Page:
Korean Families Separated 64 Years Finally Reunited

NKOREA-SKOREA-FAMILY-REUNIONS

Families separated for six decades because of the Korean War came together in Pyongyang on Thursday finally reunited. Among them, 93-year-old Kang Neung-hwan of South Korea. It’s been 64 years since he last saw his wife, north of the demilitarized zone. CCTV’s Zhang Yilei has his story.

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Family reunions between the Republic of Korea (ROK) and the Democratic People’s Republic of Korea (DPRK) almost didn’t happen. Anchor Mike Walter and International Security Analyst Jim Walsh discuss the recent tensions.

The first reunion of families separated by the Korean War in more than three years began on Thursday afternoon in the Democratic People’s Republic of Korea (DPRK)’s Mount Kumgang resort.

The 82 elderly South Koreans, four-fifths of them over 80, reunited with 178 of their long-lost relatives from the DPRK for the first time in six decades. The mass gathering, the first event for the three-day reunion, began at 3 p.m. local time as scheduled, according to Seoul’s Unification Ministry.

The 19th round of reunion, the first such humanitarian event since November 2010, came after top DPRK leader Kim Jong Un voiced his willingness to improve relations with South Korea in his New Year’s speech.

In response to Seoul’s call for sincerity with action, Pyongyang agreed to hold the family reunion as scheduled as the first step toward mending ties, though the annual South Korea-U.S. joint military exercises is scheduled to begin on Feb. 24, which the DPRK had urged Seoul to cancel or delay what it denounced as the rehearsal for a northward invasion.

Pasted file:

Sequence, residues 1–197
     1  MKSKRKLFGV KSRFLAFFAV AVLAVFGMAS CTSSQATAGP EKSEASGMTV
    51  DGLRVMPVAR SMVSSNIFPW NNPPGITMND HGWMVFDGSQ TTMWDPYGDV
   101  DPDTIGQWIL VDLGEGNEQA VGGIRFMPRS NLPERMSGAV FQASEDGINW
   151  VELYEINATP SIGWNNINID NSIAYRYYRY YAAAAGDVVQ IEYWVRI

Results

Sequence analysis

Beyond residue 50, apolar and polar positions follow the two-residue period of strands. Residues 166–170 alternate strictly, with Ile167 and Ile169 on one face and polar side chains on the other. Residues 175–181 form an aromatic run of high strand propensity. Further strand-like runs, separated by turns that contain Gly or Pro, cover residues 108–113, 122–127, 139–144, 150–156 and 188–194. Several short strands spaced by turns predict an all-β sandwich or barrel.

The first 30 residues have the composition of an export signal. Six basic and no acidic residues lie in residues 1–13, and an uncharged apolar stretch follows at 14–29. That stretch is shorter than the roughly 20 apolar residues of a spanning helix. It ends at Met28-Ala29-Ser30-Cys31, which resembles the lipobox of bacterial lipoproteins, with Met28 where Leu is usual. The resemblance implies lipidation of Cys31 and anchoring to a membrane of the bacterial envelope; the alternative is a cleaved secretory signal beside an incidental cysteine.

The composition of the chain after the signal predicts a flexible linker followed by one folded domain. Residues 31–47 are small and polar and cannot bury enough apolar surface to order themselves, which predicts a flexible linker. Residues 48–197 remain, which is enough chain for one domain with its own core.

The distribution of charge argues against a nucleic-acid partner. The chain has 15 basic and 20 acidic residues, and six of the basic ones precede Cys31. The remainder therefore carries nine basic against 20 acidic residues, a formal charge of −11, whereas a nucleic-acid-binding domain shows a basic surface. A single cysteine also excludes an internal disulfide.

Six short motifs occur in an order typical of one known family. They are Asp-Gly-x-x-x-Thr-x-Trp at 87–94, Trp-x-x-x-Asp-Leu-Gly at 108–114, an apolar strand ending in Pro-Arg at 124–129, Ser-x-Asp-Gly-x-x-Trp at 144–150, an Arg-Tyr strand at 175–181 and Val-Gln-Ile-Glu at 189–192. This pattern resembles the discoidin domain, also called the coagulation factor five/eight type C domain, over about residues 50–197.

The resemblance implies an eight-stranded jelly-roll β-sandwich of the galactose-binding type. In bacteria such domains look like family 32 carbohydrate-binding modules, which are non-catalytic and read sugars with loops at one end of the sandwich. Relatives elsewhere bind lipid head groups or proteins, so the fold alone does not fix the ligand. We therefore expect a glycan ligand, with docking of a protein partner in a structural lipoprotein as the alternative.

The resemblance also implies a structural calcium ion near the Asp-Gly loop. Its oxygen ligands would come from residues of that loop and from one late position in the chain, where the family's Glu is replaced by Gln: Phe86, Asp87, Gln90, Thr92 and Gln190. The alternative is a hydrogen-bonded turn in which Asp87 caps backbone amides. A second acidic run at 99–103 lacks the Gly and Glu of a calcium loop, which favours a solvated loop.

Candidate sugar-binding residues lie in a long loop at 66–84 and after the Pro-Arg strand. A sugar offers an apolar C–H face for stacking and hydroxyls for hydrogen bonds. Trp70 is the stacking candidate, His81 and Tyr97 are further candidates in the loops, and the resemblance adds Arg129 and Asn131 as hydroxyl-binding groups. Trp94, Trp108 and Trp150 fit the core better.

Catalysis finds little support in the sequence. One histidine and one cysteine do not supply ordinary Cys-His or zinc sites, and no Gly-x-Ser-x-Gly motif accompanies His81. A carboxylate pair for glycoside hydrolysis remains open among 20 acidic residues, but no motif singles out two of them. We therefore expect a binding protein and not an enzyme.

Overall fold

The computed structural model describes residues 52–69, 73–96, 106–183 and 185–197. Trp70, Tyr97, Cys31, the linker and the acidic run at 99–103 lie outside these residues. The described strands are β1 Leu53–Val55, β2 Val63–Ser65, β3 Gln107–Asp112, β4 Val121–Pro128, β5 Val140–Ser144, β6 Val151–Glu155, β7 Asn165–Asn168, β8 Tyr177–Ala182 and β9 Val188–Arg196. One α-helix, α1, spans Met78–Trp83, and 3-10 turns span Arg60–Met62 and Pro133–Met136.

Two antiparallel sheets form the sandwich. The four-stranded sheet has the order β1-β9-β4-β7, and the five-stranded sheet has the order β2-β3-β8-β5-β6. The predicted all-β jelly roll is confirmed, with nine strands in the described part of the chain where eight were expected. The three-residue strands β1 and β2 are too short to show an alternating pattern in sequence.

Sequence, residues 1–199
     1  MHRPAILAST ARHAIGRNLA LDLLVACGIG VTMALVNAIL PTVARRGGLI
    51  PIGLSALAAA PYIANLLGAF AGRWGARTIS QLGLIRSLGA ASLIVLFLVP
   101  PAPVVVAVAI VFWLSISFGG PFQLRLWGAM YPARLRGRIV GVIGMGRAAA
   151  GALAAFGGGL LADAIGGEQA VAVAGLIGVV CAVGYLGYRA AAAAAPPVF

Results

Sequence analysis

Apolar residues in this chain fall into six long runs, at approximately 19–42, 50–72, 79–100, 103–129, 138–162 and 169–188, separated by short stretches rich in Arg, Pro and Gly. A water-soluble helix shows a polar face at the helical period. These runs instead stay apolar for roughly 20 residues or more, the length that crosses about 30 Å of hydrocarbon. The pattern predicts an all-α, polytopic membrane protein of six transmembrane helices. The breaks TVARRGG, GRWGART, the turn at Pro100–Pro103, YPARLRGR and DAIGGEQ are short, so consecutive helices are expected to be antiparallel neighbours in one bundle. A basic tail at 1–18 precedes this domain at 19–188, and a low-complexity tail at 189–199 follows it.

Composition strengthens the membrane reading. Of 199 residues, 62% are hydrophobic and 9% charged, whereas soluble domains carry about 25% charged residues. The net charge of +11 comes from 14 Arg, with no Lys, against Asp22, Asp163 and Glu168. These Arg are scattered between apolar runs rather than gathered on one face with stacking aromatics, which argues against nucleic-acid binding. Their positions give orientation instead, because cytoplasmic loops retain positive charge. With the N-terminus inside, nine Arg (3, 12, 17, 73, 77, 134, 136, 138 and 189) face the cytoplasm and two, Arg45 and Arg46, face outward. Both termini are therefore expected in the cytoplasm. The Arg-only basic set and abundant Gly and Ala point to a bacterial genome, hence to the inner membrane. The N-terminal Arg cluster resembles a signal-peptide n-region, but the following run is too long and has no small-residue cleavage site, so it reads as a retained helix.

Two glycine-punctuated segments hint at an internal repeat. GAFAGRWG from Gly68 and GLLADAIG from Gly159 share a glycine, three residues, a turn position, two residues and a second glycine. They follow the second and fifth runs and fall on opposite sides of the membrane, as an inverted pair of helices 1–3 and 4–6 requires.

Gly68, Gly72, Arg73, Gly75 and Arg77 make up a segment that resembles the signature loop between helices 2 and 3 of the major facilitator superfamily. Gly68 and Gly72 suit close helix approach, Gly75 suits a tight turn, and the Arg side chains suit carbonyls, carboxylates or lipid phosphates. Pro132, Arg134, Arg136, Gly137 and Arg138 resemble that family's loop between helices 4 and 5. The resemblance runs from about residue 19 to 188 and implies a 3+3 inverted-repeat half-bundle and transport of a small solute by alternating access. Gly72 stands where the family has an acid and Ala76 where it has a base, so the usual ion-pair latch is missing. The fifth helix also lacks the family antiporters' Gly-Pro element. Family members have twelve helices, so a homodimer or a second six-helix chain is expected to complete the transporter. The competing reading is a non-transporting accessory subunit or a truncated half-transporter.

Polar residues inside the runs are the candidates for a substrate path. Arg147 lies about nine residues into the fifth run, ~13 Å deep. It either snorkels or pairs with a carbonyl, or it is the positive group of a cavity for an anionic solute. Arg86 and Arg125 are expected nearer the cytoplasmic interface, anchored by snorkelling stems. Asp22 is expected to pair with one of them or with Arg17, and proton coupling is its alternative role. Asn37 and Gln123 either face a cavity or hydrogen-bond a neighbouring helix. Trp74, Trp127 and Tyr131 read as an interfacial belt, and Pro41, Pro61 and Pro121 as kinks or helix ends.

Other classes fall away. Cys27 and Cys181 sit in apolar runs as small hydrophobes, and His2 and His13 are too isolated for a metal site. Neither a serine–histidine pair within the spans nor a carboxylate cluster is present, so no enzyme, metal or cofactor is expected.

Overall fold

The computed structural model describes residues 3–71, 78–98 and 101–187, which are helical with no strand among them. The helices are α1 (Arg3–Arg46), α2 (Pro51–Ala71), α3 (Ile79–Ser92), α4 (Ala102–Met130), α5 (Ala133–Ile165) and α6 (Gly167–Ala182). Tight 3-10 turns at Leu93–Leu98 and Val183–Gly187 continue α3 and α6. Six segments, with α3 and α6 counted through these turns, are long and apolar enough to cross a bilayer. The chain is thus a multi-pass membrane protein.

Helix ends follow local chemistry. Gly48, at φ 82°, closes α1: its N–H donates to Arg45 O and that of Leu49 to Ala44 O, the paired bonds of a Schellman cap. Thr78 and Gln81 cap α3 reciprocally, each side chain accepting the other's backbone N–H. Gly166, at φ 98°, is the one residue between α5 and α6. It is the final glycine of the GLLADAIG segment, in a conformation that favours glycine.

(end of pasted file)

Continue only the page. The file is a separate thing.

Despite the humanitarian event launched as scheduled, urgency for frequent reunion is growing given the fast aging of members of the divided families.

Almost half of 129,264 South Koreans, who had applied for reunion since 1988, died without chance of meeting their long-lost relatives, according to the government data.

The applicants were aging rapidly, with 80 percent of the survivors older than 70. The applicants aged 80 and above account for 52.8 percent of the total at the end of 2013, up from 20.3 percent 10 years earlier.

The private Hyundai Research Institute forecast that all the separated families will pass away within 20 years given their average life expectancy, saying that the two Koreas should stage a large-scale extra reunion for those older than 80.

Family reunion center in Mount Kumgang should be constantly opened for active meetings, and at the same time, exchange of letters, video reunion and confirmation of life and death for divided families should be allowed, the think tank said.